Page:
Director: Sandor Stern
Cast: Patty Duke, Jane Wyatt, Fredric Lehne
Run Time: 1 hour 35 minutes
MPAA Rating: R
I’m writing some of these reviews ahead of time because there are so damn many to get through, and cramming all these viewings into the span of one month would strain my hair-pulling muscles. If you’ll permit a peek behind the curtain, I’d like to tell you that it’s been a full month and a half since I’ve sat through an Amityville film. As much as I enjoyed Amityville 3-D, it took that long for my spirit to recover from the lashing that the original Amityville trilogy inflicted upon it.
It was with great trepidation that I stuck my toe back into the water of this franchise, but I’m pleased to report that – for the time being, anyway – Amityville has seemed to settle at the blissfully dumb register of mid-range horror sequels, which is really all I ask. After 3-D’s dismal box office got the franchise booted out of theaters and set on hiatus for six long years, the TV movie gods saw fit to resurrect it in the shape of a Patty Duke vehicle dubbed Amityville 4: The Evil Escapes. And this is not a drill, it’s about a haunted lamp.
I live for these moments.
Amityville 4 opens the way every haunted house sequel should: six priests descend upon that dastardly Long Island home with the glaring eyes it pretends are windows, and they exorcise the f**k out of it. They appear to be successful, minus the fact that the studly, cleft-chinned Father Kibbler (Fredric Lehne, who has had a thriving career appearing in one to three episodes of every show you’ve ever watched on a hotel TV set while waiting for your turn to take a shower) was sent to the hospital after a nasty encounter with a possessed floor lamp that looks like it sprouted straight out of the opening credits of Hannibal.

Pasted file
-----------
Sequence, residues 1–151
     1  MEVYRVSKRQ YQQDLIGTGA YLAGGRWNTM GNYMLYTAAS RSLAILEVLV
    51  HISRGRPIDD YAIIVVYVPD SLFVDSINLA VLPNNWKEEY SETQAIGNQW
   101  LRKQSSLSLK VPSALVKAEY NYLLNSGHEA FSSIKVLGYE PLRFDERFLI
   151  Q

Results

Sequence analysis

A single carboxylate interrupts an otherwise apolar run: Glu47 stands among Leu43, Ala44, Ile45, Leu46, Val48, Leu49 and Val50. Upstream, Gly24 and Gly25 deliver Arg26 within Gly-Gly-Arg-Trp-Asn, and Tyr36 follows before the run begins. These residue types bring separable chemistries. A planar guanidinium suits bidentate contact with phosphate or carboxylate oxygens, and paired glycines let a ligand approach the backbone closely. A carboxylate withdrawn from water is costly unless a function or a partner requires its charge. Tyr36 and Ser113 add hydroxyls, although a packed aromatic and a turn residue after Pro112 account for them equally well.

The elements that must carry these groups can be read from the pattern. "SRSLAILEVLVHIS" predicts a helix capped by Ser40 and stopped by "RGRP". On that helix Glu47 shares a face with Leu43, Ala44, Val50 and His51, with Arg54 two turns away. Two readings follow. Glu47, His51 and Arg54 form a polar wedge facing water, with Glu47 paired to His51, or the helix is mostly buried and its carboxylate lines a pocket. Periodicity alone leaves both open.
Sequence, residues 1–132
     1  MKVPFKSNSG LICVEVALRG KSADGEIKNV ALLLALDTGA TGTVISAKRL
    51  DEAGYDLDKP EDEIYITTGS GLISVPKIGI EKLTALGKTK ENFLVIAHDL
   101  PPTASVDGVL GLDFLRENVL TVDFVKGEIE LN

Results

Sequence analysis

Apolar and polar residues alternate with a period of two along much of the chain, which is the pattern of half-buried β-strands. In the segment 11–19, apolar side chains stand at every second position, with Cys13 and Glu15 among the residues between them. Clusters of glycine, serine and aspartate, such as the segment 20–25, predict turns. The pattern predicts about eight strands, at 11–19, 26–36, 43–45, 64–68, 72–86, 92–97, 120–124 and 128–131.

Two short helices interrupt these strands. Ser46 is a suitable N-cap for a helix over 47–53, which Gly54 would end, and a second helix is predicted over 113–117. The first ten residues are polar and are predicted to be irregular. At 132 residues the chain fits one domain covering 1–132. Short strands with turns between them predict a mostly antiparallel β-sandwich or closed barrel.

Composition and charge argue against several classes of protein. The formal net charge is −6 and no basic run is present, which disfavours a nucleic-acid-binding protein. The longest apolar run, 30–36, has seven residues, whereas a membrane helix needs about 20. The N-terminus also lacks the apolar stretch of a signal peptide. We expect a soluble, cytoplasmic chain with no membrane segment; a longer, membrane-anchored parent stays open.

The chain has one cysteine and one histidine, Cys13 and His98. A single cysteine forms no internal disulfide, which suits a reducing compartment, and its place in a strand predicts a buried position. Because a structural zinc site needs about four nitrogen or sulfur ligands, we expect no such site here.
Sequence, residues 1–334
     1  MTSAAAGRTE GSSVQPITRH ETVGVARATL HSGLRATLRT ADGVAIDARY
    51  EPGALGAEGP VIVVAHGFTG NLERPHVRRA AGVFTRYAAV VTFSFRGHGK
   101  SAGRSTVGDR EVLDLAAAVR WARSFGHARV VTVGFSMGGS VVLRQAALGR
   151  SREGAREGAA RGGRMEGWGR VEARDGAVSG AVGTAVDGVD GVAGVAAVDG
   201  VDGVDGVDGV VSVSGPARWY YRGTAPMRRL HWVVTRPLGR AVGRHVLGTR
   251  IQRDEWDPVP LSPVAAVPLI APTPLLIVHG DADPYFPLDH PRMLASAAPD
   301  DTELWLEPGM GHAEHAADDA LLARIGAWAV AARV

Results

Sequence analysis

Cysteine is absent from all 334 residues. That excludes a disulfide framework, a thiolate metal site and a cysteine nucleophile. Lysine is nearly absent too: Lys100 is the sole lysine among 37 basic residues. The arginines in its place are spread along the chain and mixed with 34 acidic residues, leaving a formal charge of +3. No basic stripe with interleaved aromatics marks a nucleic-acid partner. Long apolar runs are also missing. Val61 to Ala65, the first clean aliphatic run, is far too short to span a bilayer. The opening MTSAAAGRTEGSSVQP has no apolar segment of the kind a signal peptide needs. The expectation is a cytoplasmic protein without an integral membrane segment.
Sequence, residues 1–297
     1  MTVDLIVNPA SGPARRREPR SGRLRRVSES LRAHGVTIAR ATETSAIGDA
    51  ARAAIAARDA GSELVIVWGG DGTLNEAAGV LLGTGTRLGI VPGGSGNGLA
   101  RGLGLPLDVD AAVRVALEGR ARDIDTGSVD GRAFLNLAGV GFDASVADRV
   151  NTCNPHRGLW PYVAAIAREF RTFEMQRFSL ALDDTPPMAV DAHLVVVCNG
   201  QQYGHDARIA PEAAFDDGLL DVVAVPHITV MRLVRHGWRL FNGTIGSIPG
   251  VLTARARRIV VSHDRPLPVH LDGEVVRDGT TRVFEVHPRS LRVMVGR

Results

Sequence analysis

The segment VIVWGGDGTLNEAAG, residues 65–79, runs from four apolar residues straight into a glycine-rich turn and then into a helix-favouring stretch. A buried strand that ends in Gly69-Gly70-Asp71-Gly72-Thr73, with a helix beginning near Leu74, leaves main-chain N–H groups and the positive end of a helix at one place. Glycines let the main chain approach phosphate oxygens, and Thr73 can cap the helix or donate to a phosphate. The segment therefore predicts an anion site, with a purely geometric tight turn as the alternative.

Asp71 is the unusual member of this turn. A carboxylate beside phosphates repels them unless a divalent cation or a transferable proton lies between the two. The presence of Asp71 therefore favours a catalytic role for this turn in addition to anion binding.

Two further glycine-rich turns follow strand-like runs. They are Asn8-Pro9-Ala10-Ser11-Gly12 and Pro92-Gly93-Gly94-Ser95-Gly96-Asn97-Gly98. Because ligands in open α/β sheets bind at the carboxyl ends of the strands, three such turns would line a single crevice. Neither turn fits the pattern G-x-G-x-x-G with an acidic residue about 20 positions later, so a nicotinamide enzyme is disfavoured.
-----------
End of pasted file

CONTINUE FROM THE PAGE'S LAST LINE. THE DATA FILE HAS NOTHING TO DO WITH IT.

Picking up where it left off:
Wouldn’t you know it, but a hapless antique shopper (Days of Our Lives stalwart Peggy McCay) with a pronounced sense of irony picks up the very same lamp at a yard sale and ships it off to her sister Alice (Jane Wyatt) for her birthday, but not before cutting herself on a jagged edge and dying of a mysterious infection. As luck would have it, the lamp arrives at Alice’s seaside California abode on the very same day as her mostly estranged daughter Nancy (Patty Duke), who was recently made a widow by a husband her mother never approved of. In tow are her three kids: teen daughter Amanda (Zoe Trilling, for whom this would not be the last horror sequel – her credits include Night of the Demons 2 and Leprechaun 3), pre-adolescent son Brian (Aron Eisenberg of Star Trek: Deep Space 9) and blonde moppet Jessica (Brandy Gold), who almost immediately begins talking to the lamp as if its her dead father.
As tensions rise between mother and daughter, the haunted lamp uses its power over household appliances to terrorize the family as it attempts to possess Jessica, for reasons of… I don’t know, evil or something.
Look, the fact that there’s even a plot at all is remarkable. Let’s not push it.